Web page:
Looking for the monster

I stayed in Ambleside from February 21st-23rd, and despite spending time taking photos around the North and West shores, didn’t see anything unusual (although it was very atmospheric being on the edge of the lake at dusk, well away from anyone, with a thick mist lying on the surface of the lake).

Regarding the latest reports, the witness testimony is very similar to other reports, and therefore adds another chapter to the ‘Bownessie’ story. The photo is a slightly different proposition.

The photo is apparently ‘too small a filesize’ (because it was taken on a mobile phone) to tell whether it has been altered on Photoshop or not.’ However, I personally would have liked to hear something about the .exif file which would accompany the digital photo and give details of exposure etc.

I have a real problem with this photo because it was obviously extensively cropped for the newspapers. This never gives real perspective of what is being seen. Credit should be given to the Westmorland Gazette who included a copy of the original uncropped image on their website (as seen at the top of this article, or here in the original article itself).

Source: Wikipedia

Being curious, I saved a copy of the photo and then enlarged it and printed it onto an A4 page. To my eye, there appears to be some suspicious pixels around the mystery object and straight lines in the background where something has been changed.  Of course, this could be artefacts produced by my PC > Printer setup, but I would welcome any comments from anyone trying the same process.

Admittedly the photo is not first hand, but the presence of these artefacts means I am unable to fully trust this photo. If BARsoc were allowed to see the original, this opinion may change.

Also, a quick glance at the reported shapes of the famous ‘Loch Ness Monster’ as documented on Wikipedia (click the image to the left for the full size document entitled ‘Shapes of the purported sightings of the Loch Ness monster’) it’s clear to see that with such simiarities the creatures may be related… or at least, inspired.


About Hayley Stevens

Hayley Stevens is a podcaster, blogger, writer, public speaker and ghost geek. She likes tea, cake, sci-fi books and being a humanist.

Posted on March 1, 2011, in creature, cryptozoology, media, monster. Bookmark the permalink. 5 Comments.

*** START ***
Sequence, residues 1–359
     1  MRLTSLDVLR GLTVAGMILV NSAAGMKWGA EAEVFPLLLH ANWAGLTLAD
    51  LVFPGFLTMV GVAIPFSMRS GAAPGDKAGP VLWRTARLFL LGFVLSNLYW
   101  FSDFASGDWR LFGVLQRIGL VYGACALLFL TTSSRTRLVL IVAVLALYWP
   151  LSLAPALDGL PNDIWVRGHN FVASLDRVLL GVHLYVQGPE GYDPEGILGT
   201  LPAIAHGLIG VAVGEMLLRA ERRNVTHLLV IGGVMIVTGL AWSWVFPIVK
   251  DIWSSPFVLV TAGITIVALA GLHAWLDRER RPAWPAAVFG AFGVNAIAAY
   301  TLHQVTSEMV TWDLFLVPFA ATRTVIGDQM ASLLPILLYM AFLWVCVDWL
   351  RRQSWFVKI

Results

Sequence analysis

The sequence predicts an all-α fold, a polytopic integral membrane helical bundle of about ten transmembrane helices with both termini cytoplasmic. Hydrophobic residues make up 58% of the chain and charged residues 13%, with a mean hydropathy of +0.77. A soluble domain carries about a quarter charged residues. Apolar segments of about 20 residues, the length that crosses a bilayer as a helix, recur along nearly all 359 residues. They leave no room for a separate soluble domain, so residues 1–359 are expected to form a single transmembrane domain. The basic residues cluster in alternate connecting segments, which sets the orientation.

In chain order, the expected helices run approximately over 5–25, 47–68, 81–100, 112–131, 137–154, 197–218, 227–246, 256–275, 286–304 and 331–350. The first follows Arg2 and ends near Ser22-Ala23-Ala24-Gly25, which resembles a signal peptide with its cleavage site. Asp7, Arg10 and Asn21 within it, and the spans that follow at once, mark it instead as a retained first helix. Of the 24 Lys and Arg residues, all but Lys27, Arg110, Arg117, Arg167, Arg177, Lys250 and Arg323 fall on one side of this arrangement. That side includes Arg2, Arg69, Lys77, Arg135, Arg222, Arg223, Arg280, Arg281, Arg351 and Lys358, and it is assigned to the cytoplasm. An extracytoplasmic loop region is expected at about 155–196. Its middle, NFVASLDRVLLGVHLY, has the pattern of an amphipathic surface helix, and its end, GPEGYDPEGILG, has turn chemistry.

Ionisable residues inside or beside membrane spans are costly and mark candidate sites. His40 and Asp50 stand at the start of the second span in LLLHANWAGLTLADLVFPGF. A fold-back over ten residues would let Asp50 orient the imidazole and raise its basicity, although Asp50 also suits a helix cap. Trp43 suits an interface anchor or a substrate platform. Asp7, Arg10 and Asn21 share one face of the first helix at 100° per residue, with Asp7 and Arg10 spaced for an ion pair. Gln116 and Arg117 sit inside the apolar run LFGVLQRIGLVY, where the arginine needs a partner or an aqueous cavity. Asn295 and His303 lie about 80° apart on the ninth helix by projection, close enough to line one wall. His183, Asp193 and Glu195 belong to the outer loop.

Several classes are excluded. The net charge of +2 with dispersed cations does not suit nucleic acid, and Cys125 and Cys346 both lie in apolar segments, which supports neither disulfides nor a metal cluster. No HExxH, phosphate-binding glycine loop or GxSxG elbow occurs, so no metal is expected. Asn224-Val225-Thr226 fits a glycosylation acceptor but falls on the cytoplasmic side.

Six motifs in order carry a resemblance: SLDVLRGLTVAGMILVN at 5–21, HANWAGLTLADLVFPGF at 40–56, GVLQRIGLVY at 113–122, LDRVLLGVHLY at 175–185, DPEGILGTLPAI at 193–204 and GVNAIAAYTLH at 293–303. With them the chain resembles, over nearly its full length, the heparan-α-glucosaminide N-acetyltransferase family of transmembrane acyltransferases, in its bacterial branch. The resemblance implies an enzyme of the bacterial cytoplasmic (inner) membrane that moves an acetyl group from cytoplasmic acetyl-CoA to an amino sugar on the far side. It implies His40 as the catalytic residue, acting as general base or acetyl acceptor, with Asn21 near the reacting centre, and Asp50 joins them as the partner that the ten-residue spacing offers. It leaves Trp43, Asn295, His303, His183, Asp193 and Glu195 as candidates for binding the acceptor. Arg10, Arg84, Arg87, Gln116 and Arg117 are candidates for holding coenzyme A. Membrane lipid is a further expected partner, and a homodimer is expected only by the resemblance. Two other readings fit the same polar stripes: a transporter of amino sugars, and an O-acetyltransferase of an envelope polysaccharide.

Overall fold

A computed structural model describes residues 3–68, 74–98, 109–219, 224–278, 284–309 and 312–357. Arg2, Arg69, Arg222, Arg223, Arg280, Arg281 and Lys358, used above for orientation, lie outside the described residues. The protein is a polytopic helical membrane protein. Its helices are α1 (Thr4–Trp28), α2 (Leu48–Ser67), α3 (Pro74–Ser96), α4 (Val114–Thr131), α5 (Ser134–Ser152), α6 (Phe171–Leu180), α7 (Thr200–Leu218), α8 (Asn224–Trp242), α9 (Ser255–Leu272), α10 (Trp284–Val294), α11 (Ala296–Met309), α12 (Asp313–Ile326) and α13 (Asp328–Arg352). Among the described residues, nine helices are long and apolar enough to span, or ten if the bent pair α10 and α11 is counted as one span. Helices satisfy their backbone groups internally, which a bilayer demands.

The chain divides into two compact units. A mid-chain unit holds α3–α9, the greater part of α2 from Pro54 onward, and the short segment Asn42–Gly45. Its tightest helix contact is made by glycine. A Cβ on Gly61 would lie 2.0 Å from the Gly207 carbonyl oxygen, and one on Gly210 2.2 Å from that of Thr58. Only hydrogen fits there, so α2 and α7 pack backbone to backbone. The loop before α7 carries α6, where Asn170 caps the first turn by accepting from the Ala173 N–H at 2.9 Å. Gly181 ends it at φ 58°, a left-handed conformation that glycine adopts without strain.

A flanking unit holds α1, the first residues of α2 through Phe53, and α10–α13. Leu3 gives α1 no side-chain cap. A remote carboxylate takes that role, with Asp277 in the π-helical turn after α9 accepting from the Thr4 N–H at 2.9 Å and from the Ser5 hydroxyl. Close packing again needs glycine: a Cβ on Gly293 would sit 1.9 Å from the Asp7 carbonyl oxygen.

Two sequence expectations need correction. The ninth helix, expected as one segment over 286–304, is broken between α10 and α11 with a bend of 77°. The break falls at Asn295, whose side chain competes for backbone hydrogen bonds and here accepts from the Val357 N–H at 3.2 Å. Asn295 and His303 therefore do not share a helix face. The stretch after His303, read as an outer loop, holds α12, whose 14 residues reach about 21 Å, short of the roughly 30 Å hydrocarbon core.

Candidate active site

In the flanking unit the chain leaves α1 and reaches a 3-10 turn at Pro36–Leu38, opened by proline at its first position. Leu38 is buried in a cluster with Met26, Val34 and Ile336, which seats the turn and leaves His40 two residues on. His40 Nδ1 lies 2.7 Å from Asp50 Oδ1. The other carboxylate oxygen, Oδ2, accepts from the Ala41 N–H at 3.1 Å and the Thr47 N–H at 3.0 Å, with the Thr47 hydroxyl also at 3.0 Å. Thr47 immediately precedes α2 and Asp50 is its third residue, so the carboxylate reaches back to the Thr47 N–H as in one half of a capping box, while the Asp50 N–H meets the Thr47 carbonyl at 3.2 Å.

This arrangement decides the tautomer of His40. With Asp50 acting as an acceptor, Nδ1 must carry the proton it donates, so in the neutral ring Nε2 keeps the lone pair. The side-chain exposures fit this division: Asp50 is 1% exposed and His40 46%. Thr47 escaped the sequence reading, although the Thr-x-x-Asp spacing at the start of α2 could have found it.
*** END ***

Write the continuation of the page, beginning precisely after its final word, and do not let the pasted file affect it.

1. The Westmorland Gazette may have shown the uncropped image, but it still looks like it’s been resized down to fit their 300 pixel-wide standard. At that resolution there’s little benefit to doing much analysis as you could be seeing artefacts due to the resize, or, making the assumption that the original might not be much better, any faults may be due to a cheap sensor in the phone that can’t manage movement particularly well. It’s such a shame that there’s never a good camera around these elusive animals!

    btw, Windamere has some very big pike.

    • We’ve made contact with the westmorland gazette to see if we can get the original photograph sent to us for examination, or if we can be put in touch with Tom, who took the original photo.

      We will update the site with what happens,

    • also near Belle Island is the main area for mooring and access for boats to the lake, so wakes and ripples are also very likely due to the large number of boats (sail and motor) sailing there. Plus the number of underwater branches can be quite high, as I found when canoeing one time!

  2. Windermere also has a sizeable Otter population, the swimming patterns of which closely resemble a series of humps – especially if several Otters are swimming in a line.
    A quick sample of the pixels in the body of the object gives CMYK values of 76,69,65,88 while a sample of the pixels in the darkest area of water to the base of the pic gives CMYK values of 75,68,67,90.
    If, for example, I were kayaking on the lake and saw something creating a wake (Pike/Otter) and wanted to transform it into something of Nessie like proportions I’d sample the colour in the darkest area of the picture ie: the water and then use that colour to digitally brush in the body of the monster.
    However as Tania has said, any analysis and conclusions drawn can only be speculative due compression artifacts etc.
    One final thing that puzzles me is that for a pic taken from a Kayak – where the photographers head would be no more than approximately 2-3ft (depending on the individuals height) the angle looks like it was taken from a higher position but I may be wrong. Ideally a comparative pic needs to be taken from the same location with some object standing in for Bownessie.

  1. Pingback: Did Tom Pickles photograph Bownessie? «